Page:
Jesus’ close friend and apostle John, tells us, “This is the confidence we have in approaching God: that if we ask anything according to his will, he hears us. And if we know that he hears us – whatever we ask – we know that we have what we asked of him.” (1 John 5:14-15)
Our thoughts are not our prayers. We can meditate on a person and think about their plight. But that will do no good unless we turn to God, the Father, His son Jesus, and the Holy Spirit to ask for help. It might mean something to that person to know you were thinking about them. But it won’t affect any change in their situation.
Make Your Request Known To God
You must turn to God and speak to Him to make your request known. Whether you do this out loud, or silently, makes no difference. But, allow me to point out something here.
If you are in a person’s presence that requires your prayer, don’t hesitate to pray out loud with them immediately. There is power in this. It can mean so much to them to hear your words over them, spoken to a God who cares about their situation. It can even be a moment when you feel the Holy Spirit guiding you, making it a blessing for you as well.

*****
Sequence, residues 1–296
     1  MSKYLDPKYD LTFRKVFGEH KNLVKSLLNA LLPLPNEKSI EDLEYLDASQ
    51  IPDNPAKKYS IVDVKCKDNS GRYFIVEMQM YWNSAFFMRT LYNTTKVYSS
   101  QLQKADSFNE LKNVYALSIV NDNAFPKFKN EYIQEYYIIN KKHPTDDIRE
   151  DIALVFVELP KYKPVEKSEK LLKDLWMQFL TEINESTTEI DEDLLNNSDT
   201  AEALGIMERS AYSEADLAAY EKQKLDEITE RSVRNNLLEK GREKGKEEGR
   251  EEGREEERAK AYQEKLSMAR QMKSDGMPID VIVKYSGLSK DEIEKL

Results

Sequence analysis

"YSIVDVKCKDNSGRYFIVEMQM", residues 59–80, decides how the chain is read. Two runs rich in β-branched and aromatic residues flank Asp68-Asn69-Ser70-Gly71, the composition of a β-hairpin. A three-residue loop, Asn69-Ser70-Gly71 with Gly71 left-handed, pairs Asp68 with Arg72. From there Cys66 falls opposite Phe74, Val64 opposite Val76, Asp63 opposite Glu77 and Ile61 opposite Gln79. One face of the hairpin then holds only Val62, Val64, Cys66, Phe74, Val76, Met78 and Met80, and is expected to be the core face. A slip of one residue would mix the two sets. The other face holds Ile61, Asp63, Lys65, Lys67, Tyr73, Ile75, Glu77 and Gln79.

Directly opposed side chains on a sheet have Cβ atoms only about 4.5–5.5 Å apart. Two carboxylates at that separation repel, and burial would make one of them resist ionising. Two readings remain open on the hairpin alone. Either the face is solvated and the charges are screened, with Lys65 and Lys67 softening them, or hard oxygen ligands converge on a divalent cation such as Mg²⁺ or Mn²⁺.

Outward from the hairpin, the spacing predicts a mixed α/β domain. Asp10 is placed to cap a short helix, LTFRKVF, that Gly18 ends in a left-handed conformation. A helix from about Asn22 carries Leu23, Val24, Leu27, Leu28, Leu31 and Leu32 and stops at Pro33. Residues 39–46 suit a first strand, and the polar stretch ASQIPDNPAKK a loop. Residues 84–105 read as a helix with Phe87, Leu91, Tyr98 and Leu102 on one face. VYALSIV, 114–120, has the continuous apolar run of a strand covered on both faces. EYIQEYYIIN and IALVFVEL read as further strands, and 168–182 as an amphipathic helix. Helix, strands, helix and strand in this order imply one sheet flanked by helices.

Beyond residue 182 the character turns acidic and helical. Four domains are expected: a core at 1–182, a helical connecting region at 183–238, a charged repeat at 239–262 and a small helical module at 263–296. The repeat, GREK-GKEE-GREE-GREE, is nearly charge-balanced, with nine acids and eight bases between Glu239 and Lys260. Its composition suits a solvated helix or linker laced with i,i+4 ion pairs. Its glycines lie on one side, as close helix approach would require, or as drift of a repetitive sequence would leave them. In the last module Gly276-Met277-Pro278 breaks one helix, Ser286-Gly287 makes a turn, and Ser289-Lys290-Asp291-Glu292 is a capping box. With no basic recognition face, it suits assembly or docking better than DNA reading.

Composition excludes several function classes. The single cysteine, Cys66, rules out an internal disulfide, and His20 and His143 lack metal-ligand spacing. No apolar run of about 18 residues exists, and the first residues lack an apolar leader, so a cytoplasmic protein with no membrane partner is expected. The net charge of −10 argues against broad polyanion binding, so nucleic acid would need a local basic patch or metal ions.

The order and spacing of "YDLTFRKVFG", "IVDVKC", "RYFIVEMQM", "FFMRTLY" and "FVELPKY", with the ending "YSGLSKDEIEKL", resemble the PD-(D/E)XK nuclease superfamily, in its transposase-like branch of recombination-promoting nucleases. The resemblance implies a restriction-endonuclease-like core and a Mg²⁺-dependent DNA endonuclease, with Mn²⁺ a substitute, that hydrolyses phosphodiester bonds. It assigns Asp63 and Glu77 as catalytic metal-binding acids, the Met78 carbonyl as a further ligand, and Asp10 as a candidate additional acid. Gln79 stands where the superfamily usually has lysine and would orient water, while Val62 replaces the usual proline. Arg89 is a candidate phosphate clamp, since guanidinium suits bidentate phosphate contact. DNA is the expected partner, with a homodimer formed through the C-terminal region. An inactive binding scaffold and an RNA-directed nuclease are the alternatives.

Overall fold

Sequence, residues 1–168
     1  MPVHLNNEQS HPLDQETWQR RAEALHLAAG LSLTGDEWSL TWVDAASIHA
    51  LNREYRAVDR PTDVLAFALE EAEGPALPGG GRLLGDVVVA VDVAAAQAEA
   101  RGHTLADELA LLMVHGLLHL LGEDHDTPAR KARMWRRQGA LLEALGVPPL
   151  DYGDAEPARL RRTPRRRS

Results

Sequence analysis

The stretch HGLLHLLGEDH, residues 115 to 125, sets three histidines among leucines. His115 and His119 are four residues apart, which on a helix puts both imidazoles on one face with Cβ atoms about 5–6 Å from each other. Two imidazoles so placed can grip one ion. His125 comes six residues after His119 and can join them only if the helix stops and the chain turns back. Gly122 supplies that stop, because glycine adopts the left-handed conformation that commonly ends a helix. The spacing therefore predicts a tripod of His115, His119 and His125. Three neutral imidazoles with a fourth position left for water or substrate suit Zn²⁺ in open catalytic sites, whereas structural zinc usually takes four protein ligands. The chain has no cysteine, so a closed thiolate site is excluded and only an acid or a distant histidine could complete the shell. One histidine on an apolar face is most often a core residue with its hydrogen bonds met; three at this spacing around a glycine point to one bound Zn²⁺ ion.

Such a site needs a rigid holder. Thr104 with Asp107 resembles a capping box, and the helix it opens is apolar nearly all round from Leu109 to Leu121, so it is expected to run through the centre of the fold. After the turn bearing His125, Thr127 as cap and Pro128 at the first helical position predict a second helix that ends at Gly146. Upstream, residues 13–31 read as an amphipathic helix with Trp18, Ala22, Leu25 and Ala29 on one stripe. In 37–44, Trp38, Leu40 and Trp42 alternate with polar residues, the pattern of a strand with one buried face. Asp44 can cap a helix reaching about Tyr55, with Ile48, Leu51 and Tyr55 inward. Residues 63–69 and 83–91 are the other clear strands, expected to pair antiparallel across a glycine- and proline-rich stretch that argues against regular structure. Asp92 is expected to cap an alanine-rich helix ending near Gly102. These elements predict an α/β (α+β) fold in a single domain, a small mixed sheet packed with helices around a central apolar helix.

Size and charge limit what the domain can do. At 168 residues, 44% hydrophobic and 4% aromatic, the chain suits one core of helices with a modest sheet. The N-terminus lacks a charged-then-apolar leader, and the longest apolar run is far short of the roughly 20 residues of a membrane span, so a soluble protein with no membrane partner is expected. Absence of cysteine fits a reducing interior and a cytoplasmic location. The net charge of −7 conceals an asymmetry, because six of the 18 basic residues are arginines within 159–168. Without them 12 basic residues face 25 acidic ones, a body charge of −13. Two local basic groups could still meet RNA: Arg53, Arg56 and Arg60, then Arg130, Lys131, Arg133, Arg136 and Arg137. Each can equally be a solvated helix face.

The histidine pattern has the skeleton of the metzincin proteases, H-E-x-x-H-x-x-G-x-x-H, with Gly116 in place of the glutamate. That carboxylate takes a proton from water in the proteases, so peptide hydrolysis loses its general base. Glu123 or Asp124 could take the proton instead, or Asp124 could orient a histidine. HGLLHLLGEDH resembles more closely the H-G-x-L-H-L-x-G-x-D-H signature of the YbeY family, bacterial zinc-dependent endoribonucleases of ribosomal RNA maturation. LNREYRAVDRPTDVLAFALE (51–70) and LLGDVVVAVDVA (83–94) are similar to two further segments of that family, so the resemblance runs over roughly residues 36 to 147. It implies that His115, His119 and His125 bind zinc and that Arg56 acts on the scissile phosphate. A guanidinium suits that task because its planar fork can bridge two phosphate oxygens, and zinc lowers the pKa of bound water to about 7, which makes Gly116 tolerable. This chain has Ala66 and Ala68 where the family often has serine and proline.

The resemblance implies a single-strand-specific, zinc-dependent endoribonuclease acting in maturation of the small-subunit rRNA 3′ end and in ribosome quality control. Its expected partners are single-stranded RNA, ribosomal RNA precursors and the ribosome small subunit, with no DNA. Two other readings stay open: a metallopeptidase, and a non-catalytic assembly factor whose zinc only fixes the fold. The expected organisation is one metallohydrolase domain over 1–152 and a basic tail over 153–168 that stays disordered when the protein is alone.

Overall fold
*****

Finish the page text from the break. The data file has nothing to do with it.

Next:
Be sensitive to what God is asking of you in moments like this. Listen to His will and respond to direction from the Holy Spirit. It may not be the right time for a public display of faith. But, more often, a display of faith and bold prayer is just what is required.
The more you engage in conversation with God, the more comfortable you become with speaking to Him out loud. Don’t miss out on opportunities to engage with, and for your friends in prayer. You may be the only example that your friends have to experience the power of prayer.
When you are on social media and an opportunity to pray surfaces, I would encourage you to do more than offer “thoughts and prayers.” The right thing to do is to pray immediately. If you can’t pick up the phone and call them, then offer a prayer, in Jesus’ name, right there on social media for everyone to see. Is the forum wrong? Then text them a prayer or send it via private message.
I often practice writing out my prayer. This is kind of like journaling for me. Writing out prayer is like authoring my own psalm. I write out the prayer, and it helps to clarify my thoughts, making sure I offer my complete thoughts to God. Also, I have this prayer to refer to in times of reflection.
Your written prayer, in a letter or text message, can continue to be a source of strength for people as they navigate their difficult situation.
Often, when I reach out to a friend with a prayer or scripture God has revealed, I hear back from them that my words came at “just the right time.” In other words, God is involved. When I listen to Him, He uses me to deliver His encouragement to a friend at their time of need. Don’t miss out on being God’s instrument, and a friend’s blessing.
When You Say You’ll Pray, Then Pray
I have another warning to pass along. When you say, “I’ll pray for you,” don’t forget to pray. We’re all guilty of this. But you must make an intentional effort. Don’t forget!